# Correlation vs. entanglement for composite quantum system

Some authors exclusively use "Correlation" to classify composite quantum states, whereas most only speak of "Entanglement".

Correlation basically means that measurements on the subsystems are stochastically dependent and entanglement means non-separability of the composite state.

I am wondering, are those classifications equivalent, or is there any hierarchy (e.g. if a composite state is non entangled, it is always uncorrelated). Does the entropy of entanglement (in some cases) predict whether a state is (un)correlated?

References to a proof would be much appreciated!

Feel free to criticize me on the casual definitions given above as well.

• DId you mean to write "stochastically dependent" instead of "stochastically independent"? States of the form $A\otimes B$ can give correlated results for many measurements, but are unentangled. – WillO Dec 30 '19 at 18:25
• @WillO Not for connected correlation functions. – Norbert Schuch Jan 4 '20 at 23:04
• @NorbertSchuch: The phrase "connected correlation function" is new to me. I'm off to learn about it. – WillO Jan 4 '20 at 23:13
• @WillO <XY>-<X><Y>. – Norbert Schuch Jan 5 '20 at 22:11

On the other hand, entanglement is a property of a state, with respect to some partition on the underlying space. A bipartite state $$\rho$$ is said to be entangled if it cannot be written as a convex combination of product states, that is, if it cannot be written in the form $$\rho=\sum_k p_k \rho_k^A\otimes\rho_k^B$$ for some $$p_k\ge0, \sum_k p_k=1$$ and states $$\rho_k^A,\rho_k^B$$. The bipartite structure is usually, although not necessarily, taken to refer to degrees of freedom of spatially separated particles. It can however refer to any pair of degrees of freedom of a quantum system.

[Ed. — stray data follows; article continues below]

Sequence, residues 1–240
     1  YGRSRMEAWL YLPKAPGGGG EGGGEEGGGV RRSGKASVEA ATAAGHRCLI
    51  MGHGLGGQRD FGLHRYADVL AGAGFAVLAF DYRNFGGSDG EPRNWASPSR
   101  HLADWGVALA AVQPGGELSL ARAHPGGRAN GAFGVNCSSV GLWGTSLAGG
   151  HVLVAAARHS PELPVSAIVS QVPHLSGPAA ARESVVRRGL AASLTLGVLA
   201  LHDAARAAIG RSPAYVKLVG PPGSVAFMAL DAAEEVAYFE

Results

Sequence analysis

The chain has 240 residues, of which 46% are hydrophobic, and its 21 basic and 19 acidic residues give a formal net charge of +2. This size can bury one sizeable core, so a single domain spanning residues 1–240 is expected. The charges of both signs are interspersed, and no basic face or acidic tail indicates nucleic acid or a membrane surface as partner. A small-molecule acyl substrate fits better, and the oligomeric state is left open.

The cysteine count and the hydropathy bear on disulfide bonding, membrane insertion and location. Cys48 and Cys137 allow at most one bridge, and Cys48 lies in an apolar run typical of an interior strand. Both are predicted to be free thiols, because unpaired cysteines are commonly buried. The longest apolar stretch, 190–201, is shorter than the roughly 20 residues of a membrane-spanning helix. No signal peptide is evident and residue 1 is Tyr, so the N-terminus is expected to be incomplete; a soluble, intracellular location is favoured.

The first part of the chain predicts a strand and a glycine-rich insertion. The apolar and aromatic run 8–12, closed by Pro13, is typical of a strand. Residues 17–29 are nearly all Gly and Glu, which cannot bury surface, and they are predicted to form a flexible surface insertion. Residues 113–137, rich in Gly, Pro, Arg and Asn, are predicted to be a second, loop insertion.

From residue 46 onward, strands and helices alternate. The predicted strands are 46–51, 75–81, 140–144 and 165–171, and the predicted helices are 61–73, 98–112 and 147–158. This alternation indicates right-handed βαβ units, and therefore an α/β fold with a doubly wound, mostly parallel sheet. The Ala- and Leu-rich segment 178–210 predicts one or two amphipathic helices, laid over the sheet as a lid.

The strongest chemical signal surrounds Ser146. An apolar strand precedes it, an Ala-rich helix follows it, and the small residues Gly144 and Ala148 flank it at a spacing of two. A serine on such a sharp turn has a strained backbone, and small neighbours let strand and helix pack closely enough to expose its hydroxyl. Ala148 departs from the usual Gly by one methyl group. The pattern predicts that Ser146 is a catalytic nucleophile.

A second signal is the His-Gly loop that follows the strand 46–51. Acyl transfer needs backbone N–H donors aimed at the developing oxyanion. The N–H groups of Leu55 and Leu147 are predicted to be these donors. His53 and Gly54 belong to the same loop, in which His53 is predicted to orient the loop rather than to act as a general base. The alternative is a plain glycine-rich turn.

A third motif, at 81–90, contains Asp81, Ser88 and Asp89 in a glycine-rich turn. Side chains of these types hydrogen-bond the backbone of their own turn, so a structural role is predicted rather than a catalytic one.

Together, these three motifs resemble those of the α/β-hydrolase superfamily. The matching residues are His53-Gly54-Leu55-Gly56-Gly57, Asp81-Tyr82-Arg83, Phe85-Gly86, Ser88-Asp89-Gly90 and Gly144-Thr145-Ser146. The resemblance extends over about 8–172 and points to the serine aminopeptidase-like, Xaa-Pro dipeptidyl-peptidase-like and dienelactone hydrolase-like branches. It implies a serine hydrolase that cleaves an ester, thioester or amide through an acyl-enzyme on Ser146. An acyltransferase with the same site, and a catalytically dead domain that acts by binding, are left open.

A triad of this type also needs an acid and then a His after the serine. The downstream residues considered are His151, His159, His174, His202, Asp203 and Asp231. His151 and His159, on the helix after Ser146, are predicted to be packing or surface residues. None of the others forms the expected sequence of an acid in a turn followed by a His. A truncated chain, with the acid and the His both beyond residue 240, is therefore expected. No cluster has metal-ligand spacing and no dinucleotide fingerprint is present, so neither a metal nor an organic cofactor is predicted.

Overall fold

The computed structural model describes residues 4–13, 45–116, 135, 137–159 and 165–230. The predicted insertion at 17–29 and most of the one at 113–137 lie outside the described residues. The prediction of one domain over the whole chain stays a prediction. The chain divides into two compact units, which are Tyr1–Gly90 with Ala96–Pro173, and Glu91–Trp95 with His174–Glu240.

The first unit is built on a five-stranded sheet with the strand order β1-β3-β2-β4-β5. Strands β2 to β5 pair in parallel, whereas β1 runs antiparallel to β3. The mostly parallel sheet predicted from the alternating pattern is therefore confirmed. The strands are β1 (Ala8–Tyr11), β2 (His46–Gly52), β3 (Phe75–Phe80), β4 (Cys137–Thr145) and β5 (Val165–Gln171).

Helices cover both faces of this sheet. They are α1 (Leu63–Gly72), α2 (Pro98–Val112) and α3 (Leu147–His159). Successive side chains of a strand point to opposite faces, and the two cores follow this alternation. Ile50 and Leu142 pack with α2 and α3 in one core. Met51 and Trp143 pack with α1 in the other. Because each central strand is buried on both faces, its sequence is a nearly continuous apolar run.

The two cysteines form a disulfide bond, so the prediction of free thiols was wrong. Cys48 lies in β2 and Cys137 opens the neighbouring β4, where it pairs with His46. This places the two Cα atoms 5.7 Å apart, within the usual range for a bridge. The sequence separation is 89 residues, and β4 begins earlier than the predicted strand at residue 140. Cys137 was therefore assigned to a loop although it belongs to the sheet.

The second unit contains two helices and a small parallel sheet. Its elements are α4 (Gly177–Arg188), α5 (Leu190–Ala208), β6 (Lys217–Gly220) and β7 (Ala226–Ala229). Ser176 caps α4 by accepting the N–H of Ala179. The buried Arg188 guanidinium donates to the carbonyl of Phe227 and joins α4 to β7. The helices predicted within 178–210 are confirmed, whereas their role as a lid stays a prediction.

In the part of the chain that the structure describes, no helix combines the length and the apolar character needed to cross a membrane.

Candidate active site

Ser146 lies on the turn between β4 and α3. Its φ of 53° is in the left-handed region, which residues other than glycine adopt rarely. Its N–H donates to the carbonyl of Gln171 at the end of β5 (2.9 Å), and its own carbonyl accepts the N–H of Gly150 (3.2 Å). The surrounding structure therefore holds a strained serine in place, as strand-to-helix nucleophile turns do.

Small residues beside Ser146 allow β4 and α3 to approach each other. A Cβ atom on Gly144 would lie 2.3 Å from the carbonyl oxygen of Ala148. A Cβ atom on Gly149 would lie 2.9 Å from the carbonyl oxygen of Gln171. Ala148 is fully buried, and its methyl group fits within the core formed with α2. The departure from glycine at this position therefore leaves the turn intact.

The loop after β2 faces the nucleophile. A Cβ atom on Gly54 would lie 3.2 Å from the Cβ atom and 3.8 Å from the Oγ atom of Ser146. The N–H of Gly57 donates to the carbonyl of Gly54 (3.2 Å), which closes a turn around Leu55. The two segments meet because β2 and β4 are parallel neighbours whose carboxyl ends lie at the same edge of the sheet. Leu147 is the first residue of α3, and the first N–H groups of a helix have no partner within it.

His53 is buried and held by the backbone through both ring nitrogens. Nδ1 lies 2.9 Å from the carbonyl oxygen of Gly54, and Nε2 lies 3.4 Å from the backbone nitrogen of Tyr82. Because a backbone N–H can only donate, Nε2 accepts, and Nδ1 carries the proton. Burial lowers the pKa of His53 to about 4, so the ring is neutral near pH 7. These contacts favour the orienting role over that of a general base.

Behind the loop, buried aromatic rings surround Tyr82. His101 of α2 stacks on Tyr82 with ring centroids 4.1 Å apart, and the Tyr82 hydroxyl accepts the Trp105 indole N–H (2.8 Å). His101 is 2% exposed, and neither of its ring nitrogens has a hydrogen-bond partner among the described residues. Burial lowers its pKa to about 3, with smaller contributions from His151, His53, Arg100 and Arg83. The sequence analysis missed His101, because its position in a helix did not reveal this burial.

Entangled states can produce nonclassical correlations, but this is not necessarily the case. For example, not all entangled states can produce Bell violations. On the other hand, entangled states always display some form of correlation: given a pure entangled state $$|\psi\rangle$$, write it in its Schmidt decomposition as $$|\psi\rangle=\sum_k \sqrt{p_k} |u_k\rangle\otimes|v_k\rangle$$. Then, measuring in the $$\{|u_k\rangle\}_k$$ basis on the first space and in the $$\{|v_k\rangle\}_k$$ basis in the second will give correlated outcomes (the $$k$$-th outcome for the first party implies that the second party also will have measured its $$k$$-th outcome).